Posted by: Timothy Ellis (The Tim)

Tim Ellis is the founder of Seattle Bubble. His background in engineering and computer / internet technology, a fondness of data-based analysis of problems, and an addiction to spreadsheets all influence his perspective on the Seattle-area real estate market.

72 responses to “Redfin: Sales, Inventory, and Prices All Still Falling”

  1. softwarengineer

    To Quote The Tim

    Most of its over priced or junk….LOL

    I saw the same conundrum in used cars, trading mine in and watching the dealer salivate….my clean higher mpg trade in with 98,400 on the odometer may not have been perfect, but compared to what’s out there in this economy [have you noticed a lot more cars out there with major body work and cracked windshields lately?]….it was a gem.

    It worked to my advantage too during negotiations and their first and second offers were countered by me….and we finally agreed on the 3rd one….LOL

    I’m driving a new car now and its a great time to trade in a gem used car too, even with almost 100K miles on it…LOL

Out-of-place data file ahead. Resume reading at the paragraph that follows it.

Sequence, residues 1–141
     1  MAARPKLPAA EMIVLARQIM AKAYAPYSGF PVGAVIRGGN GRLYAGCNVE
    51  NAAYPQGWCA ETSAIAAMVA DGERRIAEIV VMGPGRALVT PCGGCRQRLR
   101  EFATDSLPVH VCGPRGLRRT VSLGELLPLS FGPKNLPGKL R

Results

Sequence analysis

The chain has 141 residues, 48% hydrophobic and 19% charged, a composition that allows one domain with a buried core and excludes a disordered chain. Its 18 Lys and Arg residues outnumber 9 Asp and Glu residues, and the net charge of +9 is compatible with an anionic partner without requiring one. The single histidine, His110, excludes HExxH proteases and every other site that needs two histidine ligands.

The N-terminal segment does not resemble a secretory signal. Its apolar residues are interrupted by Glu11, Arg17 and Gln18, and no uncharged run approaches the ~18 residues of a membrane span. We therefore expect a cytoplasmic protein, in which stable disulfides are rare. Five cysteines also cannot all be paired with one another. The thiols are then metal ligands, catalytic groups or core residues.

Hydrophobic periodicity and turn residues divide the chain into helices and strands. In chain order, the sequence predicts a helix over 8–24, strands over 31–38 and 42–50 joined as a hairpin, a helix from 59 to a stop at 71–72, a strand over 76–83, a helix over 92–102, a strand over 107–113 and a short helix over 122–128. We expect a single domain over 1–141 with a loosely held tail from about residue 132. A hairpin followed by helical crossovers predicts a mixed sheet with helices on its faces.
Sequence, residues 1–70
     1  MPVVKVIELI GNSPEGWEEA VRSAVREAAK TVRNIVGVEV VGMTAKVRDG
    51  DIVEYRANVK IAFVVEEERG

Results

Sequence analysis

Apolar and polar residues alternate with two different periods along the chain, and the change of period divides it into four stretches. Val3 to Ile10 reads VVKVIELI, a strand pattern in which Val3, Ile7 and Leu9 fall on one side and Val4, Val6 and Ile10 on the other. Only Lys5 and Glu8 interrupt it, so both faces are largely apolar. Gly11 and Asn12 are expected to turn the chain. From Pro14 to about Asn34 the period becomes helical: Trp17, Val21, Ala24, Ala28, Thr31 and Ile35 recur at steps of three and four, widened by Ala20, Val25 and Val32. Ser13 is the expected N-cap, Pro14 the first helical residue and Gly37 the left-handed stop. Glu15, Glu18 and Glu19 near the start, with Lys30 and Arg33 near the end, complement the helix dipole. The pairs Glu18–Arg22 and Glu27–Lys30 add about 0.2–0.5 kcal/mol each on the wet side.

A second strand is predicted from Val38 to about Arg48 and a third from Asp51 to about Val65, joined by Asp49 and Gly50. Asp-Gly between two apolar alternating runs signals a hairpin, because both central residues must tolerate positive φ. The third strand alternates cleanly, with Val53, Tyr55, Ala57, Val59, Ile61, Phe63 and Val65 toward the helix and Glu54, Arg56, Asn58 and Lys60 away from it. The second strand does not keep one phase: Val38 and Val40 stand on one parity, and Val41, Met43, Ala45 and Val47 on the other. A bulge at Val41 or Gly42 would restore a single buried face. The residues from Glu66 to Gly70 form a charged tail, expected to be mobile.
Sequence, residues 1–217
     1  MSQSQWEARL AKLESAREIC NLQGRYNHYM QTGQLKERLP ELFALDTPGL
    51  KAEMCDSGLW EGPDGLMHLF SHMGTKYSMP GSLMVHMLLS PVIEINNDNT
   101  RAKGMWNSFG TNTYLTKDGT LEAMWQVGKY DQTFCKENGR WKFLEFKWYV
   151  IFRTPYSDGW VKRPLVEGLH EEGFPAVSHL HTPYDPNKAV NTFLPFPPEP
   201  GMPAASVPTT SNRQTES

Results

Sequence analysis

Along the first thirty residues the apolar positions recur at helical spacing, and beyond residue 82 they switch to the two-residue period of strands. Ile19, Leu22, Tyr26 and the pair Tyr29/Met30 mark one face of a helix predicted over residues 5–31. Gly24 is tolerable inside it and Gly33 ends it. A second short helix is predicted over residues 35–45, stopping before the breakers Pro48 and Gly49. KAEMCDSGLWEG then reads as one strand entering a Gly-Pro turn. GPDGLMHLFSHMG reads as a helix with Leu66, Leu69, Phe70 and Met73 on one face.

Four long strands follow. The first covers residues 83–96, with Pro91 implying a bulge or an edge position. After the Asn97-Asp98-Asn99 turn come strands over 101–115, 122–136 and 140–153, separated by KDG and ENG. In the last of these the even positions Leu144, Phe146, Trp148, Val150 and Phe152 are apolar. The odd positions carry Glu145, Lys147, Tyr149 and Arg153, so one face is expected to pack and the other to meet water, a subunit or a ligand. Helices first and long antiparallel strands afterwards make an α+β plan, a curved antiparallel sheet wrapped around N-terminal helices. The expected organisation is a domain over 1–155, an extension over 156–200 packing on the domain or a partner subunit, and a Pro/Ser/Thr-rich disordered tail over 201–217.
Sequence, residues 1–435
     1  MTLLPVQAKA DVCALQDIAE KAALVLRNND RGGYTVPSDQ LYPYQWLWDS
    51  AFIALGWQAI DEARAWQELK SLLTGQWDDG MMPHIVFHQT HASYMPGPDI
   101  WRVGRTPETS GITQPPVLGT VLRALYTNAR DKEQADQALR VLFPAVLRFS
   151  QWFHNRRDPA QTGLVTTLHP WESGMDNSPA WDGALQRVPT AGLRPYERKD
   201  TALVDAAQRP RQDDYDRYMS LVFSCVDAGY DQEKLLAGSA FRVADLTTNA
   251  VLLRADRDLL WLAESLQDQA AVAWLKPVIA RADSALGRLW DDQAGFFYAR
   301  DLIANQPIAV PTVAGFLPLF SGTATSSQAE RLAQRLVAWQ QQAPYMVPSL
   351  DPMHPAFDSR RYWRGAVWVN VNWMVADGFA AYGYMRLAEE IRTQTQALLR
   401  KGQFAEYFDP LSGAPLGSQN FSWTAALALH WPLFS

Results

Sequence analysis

BTW, if you have a red, yellow or blue trade-in, its rare now too….there’s a shortage of good colors on new ones out there….I slopped in to one, but had to search 5 dealers on the internet and pay a bit more too. Most are grey, white or black….

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  2. Basho

    In my Redfin notifications I’ve been seeing a number of houses selling at prices above recent comps. Probably the work of a few undisciplined buyers. Unfortunately, when sellers see these new comps they too will expect someone to overpay for their house.

    Look at this new listing.
    http://www.redfin.com/WA/Bellevue/1017-145th-Pl-NE-98007/home/500486

    The seller listed at $170,000 more than what his/her next door neighbor sold for 2 months ago.

    http://www.redfin.com/WA/Bellevue/1027-145th-Pl-NE-98007/home/499608